Less than one hour in Nebraska and I've already lost a contact. In my weaker eye nonetheless. Driving's gonna be a blast.
I haven't been home for some time. It's been almost a year since I've seen my parents. Little seems to have changed in the good ole hometown aside from a bumper crop of condos sprouted up all around. That and I don't recall the word "loft" being relevant in Lincoln 5 years ago. Then again I'm not around much.
I am learning to live with separated parents. It makes the holidays slightly awkward. I am new at this, so all you old pros with long-divorced folks bear with me. I try to avoid getting to personal on this blog, but it's the most present thing on my mind aside from the lost contact and I am sure you don't want me to go on bitching about that. But more than my family, my hometown is on my mind.
After being gone a certain number of years one is forced to realize that life goes on without them. And life in my hometown is no different. People get together, people break up, people have kids, get jobs, move away, get married, it all goes on and has nothing to do with you. You are just a part of the town's memory, and not a present memory at that. Your childhood haunts get torn down or revamped, places get renamed, and the food doesn't taste the same. It is hard not to feel sad because even if things have changed for the better, you are no longer a part of the story. Your body is not in the motion of the town and you are at odds with it's ebbs and flows.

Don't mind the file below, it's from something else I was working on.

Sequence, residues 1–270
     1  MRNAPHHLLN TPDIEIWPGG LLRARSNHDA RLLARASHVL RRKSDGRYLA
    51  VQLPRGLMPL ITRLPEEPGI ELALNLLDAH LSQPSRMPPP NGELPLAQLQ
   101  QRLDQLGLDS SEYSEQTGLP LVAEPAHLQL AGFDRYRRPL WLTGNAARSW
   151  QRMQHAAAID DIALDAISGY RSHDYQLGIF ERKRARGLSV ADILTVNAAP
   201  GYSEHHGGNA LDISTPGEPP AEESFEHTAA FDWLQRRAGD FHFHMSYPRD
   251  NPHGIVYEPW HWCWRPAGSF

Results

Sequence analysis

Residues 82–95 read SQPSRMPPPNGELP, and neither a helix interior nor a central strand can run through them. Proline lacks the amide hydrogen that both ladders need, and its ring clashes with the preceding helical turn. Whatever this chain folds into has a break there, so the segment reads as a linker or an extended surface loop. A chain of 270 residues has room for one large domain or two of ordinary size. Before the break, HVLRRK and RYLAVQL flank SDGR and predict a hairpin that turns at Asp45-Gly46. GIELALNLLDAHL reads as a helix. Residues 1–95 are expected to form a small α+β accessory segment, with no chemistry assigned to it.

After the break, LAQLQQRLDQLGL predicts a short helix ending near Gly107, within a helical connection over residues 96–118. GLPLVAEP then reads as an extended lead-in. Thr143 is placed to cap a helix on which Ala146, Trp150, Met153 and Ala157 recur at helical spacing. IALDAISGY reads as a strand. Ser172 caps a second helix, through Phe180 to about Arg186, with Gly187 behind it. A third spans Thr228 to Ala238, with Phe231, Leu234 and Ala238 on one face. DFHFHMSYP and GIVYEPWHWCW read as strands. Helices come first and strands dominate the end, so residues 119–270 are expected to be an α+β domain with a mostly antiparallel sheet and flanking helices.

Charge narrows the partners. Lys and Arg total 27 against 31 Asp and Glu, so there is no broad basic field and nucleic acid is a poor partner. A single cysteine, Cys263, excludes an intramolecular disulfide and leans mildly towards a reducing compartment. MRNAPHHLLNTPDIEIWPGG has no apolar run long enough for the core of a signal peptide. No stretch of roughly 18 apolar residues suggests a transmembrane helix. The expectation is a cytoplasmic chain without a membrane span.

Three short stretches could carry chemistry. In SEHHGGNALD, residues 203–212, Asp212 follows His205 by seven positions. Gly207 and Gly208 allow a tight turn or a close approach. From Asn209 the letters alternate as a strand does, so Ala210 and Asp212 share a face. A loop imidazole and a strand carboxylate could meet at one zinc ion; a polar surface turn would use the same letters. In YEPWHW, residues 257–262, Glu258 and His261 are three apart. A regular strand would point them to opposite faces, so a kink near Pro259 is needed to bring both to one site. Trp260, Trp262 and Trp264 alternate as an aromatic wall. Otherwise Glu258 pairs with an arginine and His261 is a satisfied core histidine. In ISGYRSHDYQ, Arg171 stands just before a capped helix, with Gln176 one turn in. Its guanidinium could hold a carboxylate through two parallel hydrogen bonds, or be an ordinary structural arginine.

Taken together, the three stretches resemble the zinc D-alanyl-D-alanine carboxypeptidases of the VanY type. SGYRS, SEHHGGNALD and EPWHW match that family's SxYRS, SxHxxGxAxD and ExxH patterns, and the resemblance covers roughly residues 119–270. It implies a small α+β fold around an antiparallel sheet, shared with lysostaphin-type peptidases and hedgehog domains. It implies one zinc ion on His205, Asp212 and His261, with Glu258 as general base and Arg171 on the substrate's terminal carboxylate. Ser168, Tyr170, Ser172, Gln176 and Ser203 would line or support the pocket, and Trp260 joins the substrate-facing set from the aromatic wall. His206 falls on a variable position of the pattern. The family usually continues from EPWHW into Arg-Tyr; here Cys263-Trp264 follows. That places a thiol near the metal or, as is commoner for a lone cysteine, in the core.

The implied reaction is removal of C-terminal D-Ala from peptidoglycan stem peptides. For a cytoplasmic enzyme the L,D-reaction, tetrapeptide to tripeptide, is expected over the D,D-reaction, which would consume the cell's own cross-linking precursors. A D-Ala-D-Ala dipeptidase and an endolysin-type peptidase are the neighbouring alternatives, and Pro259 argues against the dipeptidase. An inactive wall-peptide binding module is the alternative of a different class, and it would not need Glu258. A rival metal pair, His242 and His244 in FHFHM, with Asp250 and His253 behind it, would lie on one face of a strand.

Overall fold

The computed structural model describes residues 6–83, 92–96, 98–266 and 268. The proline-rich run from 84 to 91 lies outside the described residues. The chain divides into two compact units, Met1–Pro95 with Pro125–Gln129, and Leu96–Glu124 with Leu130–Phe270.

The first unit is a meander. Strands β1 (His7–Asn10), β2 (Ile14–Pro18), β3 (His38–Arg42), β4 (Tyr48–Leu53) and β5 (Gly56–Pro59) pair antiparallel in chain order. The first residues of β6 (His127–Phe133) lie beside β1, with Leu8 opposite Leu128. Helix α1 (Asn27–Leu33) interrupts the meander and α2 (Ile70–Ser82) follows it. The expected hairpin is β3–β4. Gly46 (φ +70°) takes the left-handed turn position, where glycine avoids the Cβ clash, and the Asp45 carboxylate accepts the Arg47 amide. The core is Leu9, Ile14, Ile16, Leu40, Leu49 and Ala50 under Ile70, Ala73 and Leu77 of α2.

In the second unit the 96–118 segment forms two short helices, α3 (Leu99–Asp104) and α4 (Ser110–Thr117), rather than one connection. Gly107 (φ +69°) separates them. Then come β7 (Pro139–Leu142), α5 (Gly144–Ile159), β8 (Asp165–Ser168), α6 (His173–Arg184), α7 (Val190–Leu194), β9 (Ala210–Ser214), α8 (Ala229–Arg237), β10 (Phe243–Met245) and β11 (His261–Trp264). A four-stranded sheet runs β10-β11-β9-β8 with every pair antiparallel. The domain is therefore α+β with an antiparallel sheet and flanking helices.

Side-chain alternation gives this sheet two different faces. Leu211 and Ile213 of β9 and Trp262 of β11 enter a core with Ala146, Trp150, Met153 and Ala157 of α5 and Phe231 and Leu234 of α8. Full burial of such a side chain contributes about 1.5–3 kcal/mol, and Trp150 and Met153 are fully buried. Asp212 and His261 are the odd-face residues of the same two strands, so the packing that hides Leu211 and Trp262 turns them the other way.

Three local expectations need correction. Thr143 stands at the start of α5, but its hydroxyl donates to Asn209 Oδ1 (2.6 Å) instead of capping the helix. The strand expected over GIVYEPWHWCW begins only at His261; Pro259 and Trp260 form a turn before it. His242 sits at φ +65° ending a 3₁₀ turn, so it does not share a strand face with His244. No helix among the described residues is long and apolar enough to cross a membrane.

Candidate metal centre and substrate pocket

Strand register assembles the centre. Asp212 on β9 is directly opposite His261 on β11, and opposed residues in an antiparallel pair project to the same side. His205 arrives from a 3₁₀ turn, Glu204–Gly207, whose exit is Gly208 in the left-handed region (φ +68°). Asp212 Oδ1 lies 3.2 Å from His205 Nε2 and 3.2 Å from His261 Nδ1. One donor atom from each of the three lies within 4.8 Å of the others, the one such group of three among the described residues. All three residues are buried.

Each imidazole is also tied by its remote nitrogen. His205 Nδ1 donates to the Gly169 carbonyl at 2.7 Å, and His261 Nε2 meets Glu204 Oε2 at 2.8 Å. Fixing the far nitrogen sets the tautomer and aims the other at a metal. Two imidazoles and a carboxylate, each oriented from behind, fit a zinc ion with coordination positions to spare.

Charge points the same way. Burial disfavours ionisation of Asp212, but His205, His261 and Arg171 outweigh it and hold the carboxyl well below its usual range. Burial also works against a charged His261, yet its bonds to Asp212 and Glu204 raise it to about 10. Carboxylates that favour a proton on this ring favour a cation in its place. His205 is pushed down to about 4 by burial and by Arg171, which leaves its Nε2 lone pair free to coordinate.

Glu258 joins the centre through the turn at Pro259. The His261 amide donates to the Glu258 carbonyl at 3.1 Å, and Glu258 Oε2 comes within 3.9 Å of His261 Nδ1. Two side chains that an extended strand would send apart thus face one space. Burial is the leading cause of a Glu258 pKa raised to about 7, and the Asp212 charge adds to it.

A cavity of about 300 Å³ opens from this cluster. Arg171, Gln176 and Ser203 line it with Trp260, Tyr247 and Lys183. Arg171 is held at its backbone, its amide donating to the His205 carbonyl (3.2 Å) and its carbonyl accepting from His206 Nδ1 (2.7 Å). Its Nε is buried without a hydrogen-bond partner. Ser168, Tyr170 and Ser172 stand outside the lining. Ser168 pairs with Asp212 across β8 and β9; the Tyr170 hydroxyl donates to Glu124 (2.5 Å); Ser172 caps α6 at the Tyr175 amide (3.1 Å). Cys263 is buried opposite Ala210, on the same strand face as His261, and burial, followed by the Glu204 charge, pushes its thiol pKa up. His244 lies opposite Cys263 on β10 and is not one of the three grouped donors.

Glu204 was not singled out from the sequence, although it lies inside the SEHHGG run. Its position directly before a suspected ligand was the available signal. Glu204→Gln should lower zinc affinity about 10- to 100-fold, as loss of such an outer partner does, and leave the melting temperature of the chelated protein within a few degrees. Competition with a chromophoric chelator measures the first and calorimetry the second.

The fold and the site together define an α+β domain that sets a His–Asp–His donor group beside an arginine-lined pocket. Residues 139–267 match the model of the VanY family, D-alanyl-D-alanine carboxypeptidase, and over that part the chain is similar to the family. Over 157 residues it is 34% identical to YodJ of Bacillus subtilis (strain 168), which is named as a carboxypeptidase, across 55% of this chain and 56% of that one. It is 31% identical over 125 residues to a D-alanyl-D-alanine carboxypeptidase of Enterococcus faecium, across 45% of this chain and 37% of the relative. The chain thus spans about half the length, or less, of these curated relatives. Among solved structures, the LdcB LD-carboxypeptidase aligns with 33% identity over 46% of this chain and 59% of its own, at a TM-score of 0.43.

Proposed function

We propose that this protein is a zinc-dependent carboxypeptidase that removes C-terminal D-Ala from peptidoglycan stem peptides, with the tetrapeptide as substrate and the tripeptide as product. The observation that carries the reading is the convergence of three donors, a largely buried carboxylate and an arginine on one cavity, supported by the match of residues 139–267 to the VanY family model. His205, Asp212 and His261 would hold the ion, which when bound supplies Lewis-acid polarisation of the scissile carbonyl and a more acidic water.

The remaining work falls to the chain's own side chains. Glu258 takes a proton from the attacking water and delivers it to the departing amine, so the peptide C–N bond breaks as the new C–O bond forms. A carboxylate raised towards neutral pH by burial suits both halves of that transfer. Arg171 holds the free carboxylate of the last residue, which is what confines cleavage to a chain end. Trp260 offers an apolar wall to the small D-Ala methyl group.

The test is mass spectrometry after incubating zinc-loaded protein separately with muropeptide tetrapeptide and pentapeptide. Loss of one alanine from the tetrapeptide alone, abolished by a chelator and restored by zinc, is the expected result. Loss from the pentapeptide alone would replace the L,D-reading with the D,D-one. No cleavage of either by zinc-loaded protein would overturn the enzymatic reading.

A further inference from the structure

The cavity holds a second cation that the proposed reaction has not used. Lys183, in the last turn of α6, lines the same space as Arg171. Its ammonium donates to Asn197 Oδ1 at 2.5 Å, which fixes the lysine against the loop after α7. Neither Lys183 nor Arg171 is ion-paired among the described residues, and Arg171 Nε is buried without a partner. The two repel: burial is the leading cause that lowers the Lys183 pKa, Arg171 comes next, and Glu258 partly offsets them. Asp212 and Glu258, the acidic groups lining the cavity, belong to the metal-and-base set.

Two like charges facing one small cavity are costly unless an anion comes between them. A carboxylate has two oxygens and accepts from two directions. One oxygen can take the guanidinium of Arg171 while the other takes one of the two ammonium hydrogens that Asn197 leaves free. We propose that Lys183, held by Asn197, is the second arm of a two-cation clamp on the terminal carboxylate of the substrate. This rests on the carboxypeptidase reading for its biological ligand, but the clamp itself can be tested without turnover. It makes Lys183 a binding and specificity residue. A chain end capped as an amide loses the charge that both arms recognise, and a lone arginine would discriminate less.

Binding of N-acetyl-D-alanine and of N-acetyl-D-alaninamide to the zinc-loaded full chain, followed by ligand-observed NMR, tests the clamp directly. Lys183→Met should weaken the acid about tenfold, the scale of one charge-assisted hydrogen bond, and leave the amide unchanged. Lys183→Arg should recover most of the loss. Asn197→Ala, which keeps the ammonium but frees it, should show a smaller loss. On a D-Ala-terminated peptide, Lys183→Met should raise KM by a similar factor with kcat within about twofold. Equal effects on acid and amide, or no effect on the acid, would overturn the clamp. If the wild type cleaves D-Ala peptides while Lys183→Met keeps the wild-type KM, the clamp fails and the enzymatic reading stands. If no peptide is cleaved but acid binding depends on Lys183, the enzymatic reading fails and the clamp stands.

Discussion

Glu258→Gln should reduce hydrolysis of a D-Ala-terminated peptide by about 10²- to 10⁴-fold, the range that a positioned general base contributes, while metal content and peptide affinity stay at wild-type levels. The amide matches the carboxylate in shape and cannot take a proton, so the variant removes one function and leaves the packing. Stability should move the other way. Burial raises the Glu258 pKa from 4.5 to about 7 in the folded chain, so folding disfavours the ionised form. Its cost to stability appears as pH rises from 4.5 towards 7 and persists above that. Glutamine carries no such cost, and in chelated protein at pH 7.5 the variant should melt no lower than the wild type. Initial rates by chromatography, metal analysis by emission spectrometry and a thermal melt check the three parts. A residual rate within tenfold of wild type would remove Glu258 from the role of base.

Restructuring memory isn't an option, but when the tangible structures change it's hard to know what to go on. To trust in your memories of things when confronted with a new reality, be it the inevitable reality of adulthood where your contemporary eyes show things in a different light than your child's, or the more concrete reality of change. The things you looked at for the first eighteen years of your life are gone or different. It's not your perspective that has changed but the world itself.
Maybe I've just lost focus since my eyesight is down to one eye.